Saturday, 1 July 2017

July, July, blue sky, a slice of life drama around the garden.

1/July 2017 Photos from this morning.

Winter suits this vibrant climber performing a theatrical show, mixing and climbing up trees and mingling, holding on to shrubs to show off its orange exuberance.


Here out performing a cotoneaster which is quietly good natured and does not mind at all.

A LIFE Performance; the new and the old; 

"Beach Blanket" little Roses not yet touched by the anxiety "To be or not to be"?

Camellia "Pink Gold"  Yes, I could say this is my favourite actress, she performs in the shade, away from the crowds, she pleases herself and does not care if the queen herself would drool over her.

AS, always the morning sun performs her magic turning light into shadows.

Bougainvillea California Gold.

Lookin up...

Looking down..

That's it for today,  all plants were performing this morning just for me....and for you.

5/July/ 2017

Yesterday morning when I went up to the kitchen garden to pick snow peas, I had a bit of a surprise when I spotted (actually Bobby saw her first) this early visitor curled up in the feathery bed of carrots. Waiting for the sun to warm her up. She as a beautiful carpet pattern that gives her the common name of carpet snake. If you leave them in peace they leave you in peace. Not at all aggressive or poisonous. I think it is quite a privilege to welcome wildlife like her in the garden.

Act II
This morning, 19/07/2017 Roses, a new flush, lovely to see;

Roses have played a dramatic role in the Wars of the Roses
The Wars of the Roses 1455 - 1487 were a series of wars for control of the throne of England fought between supporters of two rival branches of the royal House of Plantagenet: the House of Lancaster, and the House of York. The red rose of the House of Lancaster and the white rose of the House of York.

Rose Mr. Lincoln.
Bred by Swim & Weeks, USA, 1964 this is a very tall growing rose to 1.8 metres.
The dark red blooms are very fragrant and high-centred and the petals have incredible substance and when fading, take a rather dark purple hue. This rose is ideal for the vase and one bush will produce many magnificent long, strong stems.

Apricot Nectar quite pink in winter, photos are showing natural colours.

Apricot Nectar, Floribunda Rose bred by Eugene Boerner in the USA and introduced by  in 1965. It is one of the most popular Floribunda Roses in Australia due to its vigorous growth habit, regular repeat flowering and its consistent performance throughout its growing period. Much recommended for the sub-tropic gardens.

Perfectly aesthetic, Nature's know how for a few glorious days.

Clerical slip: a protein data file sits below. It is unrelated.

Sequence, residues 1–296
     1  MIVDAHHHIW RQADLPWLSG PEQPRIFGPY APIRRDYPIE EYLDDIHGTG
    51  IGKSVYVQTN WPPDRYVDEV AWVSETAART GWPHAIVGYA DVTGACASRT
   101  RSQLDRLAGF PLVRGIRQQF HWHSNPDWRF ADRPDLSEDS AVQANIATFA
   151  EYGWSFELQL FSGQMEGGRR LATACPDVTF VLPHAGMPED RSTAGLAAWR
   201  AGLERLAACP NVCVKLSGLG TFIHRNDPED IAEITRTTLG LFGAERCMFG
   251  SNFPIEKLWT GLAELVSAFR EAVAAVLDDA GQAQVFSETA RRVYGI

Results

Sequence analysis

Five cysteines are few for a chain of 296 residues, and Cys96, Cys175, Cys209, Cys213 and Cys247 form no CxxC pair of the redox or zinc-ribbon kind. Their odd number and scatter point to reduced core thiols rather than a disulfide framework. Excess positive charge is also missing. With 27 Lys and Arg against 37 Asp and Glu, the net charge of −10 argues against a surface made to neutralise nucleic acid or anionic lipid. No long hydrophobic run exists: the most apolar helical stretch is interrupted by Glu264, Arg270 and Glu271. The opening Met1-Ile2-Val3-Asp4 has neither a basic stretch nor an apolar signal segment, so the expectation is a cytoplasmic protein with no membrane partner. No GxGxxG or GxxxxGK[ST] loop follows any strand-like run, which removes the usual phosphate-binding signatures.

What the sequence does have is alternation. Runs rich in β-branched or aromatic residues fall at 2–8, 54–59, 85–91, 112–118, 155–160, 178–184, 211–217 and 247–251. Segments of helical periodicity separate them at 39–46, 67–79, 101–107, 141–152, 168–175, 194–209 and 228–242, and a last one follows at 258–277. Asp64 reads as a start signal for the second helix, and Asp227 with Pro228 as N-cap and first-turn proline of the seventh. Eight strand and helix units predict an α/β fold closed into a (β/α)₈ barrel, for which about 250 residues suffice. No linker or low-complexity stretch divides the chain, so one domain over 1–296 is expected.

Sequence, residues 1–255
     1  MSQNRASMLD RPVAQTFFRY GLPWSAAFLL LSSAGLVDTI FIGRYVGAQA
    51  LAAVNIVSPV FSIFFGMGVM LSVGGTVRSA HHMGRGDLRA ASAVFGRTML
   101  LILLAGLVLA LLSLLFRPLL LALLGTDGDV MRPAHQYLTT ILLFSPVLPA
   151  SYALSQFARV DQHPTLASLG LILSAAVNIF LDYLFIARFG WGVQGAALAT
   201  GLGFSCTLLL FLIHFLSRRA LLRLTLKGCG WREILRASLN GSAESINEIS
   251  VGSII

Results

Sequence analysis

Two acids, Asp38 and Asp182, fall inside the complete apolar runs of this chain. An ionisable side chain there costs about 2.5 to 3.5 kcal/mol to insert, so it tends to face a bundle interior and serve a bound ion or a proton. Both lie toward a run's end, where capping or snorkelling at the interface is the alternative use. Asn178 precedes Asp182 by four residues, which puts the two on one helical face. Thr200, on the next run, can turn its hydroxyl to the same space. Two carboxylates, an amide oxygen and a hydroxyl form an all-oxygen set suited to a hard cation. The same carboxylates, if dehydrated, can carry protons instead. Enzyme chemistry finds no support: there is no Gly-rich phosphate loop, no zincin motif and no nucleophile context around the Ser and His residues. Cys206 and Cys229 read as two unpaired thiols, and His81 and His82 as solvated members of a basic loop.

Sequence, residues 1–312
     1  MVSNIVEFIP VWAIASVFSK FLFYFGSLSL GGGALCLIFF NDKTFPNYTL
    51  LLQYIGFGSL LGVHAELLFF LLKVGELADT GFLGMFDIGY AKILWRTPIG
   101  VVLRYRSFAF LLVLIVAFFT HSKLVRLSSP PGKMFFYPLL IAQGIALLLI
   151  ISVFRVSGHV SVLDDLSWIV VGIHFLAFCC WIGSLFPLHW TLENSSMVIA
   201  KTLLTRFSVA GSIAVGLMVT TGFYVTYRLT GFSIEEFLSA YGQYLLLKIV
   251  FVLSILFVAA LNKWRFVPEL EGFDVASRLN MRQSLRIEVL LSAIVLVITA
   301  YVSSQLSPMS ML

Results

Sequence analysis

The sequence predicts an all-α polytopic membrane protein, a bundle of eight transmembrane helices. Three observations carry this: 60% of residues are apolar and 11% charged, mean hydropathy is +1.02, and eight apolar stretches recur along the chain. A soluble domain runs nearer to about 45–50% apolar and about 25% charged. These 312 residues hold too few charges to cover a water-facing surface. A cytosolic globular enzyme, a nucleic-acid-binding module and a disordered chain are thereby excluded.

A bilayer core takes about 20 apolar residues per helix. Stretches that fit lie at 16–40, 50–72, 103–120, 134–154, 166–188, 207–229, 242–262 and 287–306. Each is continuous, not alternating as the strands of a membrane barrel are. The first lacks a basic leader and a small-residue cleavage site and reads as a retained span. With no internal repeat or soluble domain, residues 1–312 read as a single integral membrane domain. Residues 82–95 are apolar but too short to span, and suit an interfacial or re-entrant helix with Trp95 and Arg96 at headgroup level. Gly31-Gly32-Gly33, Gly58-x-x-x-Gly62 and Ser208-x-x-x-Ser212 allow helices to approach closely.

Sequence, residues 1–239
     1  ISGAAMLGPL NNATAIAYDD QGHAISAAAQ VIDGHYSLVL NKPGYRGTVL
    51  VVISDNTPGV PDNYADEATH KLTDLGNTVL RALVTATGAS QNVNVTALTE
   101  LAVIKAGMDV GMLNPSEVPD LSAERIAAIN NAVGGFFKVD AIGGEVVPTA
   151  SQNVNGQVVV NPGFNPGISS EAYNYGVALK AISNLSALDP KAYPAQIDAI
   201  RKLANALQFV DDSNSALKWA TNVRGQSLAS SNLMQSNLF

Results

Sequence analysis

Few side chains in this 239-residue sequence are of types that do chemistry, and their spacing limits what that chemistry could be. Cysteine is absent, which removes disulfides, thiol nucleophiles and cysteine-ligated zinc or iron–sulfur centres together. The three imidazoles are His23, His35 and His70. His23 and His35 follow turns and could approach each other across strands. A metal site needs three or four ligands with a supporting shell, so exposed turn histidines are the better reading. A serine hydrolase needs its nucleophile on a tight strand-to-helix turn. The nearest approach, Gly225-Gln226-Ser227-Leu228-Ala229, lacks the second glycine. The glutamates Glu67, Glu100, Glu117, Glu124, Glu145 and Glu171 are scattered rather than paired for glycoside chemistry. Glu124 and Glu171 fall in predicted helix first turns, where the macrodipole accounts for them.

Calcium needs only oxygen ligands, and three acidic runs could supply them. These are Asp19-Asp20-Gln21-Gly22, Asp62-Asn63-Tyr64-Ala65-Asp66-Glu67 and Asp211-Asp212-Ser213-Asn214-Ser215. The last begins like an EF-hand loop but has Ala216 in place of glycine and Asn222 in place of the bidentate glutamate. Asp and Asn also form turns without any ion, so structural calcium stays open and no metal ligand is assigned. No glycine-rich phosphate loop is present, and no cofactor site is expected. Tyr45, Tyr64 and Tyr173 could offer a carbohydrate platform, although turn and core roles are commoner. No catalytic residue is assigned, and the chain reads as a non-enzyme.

The dark side of roses; perfect today and perhaps tomorrow.

A sweet, Orchid has made an appearance, showing of its tiny flowers, Twinkle is its stage name.

Next show...perhaps tomorrow...

20/07/2017 3.00 PM a beautiful sunny day.

A selfie, yes, Roses  do make selfies.

Tibouchina high up, winking, flirting, look at me, pick me,make me a star for ever.

“Non est ad astra mollis e terris via" - "There is no easy way from the earth to the stars” 
― Seneca

Glorious early morning;

Morning always comes,  no dawdling or  perhaps,  or maybe tomorrow.  Mornings are steadfast you may rely on them to arrive every day.  HAVE A NICE ONE . T.s

Lovely to see when the sun touches the morning. Ts

...and a look into the Valley.

Bye, bye July; Last act; The Kings and the clowns.

Some  feathered friends visit every day.

King Parrots; the male is brilliant red the female has a much more subdued colouring.

the clowns.

 Cheeky Rainbow Lorikeets.

The subtropics might not have  a favourite season. There is no transitory period. No harshness of winter. Autumn is like a song, winter is poetic. Spring? There is none or not much of it as this season  is mainly swallowed up by summer. In September we might get the only glimpse of  a season called spring. High summer has a harshness about it with high humidity, always hot, ferocious rain pelting the grounds/ floods or contrary with unforgiving dry spells. The sun sizzles and the birds sleep in the daytime.

Thank you for visiting and leaving a calling card. Hopefully see you in August again.

                      ©Photos/Text/Stories around the garden Ts


  1. Such a cheerful post, loved act 1,looking forward to act 2. I love when plants grow together harmoniously like the tree and the climber. And the photo of the coloured leaves from underneath is a great photo and an unusual perspective.

  2. Thank you catmint, for your kind and interesting comment.

  3. Beautiful snake, but very glad it is not aggressive or venomous. Do you have lizards as well?

    I have the 'California Gold' Bougainvillea, too. How fun to see one in the other hemisphere!

    1. Hoover Boo, thank you for visiting. Yes, we have many different lizards.

  4. As always enjoyed your winter garden. Are you looking after it by yourself??I would have got a fright to see the snake but at least it is a nice one.

    1. diane b thanks for stopping by. Mainly I look after it. My daughter Lilli helps a lot too. I have also a great garden helper Calvin, I can call when the need someone for heavy work like whippersnipper and pruning with a chain saw, any heavy work. I left the snake there and later she slithered down to the house wanted to go up onto the roof, but disappeared again somewhere.

  5. Always a joy to see your garden photos, and on Facebook also. Do you have help with it? I've started my blog again, and hope to keep it up.
    Love, Jan

  6. Thank you for your comment, Jan. Nice to see you blogging again.

  7. Wow those parrots come and go? How lovely. But, that snake... OMGosh that is what I don't want to see.

  8. Nearly missed your comment. Thank you for your visit Stephanie. If it was a poisonous snake I would not be so blasée.